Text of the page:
Ivanna is a Nenets woman in her late twenties, who in her teens had to give up her studies after getting pregnant and is now for all intents and purposes a single mother of five rambunctious children. She lives with her children on the tundra in a tiny sled hut, mastering by necessity the traditional jobs of men and women alike. Ivanna’s life is harsh and arduous, and she yearns for a change. Like many other nomadic people, she feels the pull of Taymyr Peninsula’s river port Dudinka, where Gazprom might provide a slightly easier way to make a living. Ivanna’s husband, Gena, has already made his way to the town, but alcohol has stifled his will to work, and perhaps also Ivanna’s love.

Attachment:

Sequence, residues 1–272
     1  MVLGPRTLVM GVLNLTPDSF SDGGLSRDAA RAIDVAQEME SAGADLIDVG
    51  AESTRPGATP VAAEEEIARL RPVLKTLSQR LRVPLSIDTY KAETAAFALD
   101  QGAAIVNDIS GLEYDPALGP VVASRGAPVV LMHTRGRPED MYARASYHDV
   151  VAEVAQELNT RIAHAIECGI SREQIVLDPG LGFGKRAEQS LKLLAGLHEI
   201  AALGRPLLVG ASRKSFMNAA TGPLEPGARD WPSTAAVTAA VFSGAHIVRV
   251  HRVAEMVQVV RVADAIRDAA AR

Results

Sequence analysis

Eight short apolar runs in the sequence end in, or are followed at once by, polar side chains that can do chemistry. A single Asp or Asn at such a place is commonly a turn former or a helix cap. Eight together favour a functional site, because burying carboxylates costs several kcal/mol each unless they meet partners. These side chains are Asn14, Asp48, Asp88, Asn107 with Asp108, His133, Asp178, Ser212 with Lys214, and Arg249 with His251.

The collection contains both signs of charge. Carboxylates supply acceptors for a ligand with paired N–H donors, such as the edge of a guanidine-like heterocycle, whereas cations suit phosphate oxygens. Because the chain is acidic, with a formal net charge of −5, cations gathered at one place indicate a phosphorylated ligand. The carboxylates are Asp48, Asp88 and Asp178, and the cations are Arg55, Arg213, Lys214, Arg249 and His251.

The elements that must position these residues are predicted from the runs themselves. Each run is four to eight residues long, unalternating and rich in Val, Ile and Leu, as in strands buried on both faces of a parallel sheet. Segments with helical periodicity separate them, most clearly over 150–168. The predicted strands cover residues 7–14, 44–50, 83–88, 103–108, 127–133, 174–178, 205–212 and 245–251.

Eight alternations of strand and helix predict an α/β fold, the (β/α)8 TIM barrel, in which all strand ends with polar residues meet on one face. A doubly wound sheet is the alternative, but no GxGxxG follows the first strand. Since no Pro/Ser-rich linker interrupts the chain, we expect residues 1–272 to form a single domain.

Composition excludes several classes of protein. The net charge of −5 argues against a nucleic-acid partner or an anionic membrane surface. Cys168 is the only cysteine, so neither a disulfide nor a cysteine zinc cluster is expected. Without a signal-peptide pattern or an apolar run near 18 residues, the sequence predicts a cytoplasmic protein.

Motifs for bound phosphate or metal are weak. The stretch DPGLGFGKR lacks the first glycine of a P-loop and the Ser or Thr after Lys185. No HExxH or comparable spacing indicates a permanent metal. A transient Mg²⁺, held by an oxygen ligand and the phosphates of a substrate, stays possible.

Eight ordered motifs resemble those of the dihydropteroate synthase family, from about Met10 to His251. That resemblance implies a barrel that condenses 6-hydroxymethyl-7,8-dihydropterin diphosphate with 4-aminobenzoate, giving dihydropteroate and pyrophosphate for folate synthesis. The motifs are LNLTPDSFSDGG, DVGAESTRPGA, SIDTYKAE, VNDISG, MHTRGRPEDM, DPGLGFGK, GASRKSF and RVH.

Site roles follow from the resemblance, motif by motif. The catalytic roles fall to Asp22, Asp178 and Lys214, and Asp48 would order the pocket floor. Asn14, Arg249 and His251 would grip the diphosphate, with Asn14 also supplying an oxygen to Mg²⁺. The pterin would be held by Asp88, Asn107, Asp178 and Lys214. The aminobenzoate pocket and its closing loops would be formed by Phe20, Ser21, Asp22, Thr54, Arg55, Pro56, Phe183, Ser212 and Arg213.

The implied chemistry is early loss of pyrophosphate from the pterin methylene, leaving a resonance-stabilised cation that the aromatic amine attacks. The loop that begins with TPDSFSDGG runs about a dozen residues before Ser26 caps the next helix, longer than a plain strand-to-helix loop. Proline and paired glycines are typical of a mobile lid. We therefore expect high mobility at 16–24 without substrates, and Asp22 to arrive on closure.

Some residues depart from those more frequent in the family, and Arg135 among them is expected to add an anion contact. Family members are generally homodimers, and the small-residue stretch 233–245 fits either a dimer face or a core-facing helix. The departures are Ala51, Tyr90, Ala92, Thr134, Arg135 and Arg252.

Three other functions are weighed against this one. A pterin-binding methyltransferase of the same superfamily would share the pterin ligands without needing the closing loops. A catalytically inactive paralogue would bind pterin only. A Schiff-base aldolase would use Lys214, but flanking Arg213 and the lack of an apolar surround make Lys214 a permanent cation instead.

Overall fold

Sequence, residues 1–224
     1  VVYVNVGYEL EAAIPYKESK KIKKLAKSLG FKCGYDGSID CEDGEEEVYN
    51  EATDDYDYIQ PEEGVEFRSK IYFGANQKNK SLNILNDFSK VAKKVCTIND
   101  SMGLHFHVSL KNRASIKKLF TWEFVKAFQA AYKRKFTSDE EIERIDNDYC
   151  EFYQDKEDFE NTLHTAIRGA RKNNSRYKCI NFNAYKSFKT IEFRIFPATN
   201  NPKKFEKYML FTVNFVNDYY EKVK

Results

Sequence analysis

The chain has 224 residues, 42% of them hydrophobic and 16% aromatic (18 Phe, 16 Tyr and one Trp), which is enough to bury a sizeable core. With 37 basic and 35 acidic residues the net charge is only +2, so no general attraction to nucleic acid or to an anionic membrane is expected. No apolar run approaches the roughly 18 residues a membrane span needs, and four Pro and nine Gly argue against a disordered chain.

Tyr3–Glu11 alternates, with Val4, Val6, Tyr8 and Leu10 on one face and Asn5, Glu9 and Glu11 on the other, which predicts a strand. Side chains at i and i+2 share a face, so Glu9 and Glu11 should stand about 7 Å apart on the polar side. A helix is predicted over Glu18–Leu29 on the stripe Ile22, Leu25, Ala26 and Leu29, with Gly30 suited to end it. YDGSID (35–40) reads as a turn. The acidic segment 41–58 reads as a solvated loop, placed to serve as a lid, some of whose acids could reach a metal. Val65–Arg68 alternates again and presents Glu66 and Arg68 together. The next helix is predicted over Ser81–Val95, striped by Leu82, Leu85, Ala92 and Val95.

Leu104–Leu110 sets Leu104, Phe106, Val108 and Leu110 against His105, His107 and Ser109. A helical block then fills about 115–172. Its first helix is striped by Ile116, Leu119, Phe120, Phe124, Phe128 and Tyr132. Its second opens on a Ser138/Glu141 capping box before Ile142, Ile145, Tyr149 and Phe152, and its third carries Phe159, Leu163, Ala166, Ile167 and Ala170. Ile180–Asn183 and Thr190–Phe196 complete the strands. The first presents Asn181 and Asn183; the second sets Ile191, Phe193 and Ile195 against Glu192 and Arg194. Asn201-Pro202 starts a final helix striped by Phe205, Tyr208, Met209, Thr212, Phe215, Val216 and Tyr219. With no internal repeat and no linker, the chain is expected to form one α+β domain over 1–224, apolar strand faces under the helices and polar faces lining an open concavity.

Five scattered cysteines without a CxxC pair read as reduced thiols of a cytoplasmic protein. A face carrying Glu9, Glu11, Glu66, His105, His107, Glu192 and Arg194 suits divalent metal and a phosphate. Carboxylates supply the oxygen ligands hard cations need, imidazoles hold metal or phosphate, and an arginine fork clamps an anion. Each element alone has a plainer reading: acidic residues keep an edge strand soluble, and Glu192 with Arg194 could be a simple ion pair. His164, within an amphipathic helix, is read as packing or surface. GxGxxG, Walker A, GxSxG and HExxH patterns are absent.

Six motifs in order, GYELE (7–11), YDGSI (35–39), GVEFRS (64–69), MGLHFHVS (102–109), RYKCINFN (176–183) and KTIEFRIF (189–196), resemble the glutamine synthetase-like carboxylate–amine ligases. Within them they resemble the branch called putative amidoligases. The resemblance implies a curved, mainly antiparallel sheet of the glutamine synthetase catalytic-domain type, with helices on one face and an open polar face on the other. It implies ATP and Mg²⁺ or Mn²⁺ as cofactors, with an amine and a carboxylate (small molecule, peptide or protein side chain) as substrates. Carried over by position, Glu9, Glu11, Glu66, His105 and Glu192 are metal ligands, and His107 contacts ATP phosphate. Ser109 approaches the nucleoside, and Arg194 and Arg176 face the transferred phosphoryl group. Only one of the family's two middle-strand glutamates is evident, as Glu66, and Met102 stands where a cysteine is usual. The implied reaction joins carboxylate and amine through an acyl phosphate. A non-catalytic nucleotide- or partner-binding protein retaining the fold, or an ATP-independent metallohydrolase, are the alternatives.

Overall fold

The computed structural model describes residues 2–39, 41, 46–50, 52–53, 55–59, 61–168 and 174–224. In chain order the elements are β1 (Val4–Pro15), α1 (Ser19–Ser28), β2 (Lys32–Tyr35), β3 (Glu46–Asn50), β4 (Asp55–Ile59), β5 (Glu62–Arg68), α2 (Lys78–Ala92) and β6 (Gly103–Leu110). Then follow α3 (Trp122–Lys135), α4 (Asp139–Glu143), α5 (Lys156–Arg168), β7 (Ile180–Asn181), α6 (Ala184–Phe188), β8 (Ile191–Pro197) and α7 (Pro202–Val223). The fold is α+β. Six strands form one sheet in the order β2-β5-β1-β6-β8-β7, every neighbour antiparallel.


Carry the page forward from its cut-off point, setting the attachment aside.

A Russian-Norwegian-Estonian-Finnish co-production, Life of Ivanna has already garnered attention at international documentary festivals. It does not romanticize the nomadic lifestyle or lament the loss of traditions. Director Renato Borrayo Serrano, himself a Guatemalan living in Russia, spent the four years of shooting trying to understand Ivanna’s yearning for change that drives so many away from their homesteads. In her fortitude, the stone-faced and chain-smoking Ivanna does not evoke pity, but rather admiration, even though she inadvertently teaches her children a swear word or two.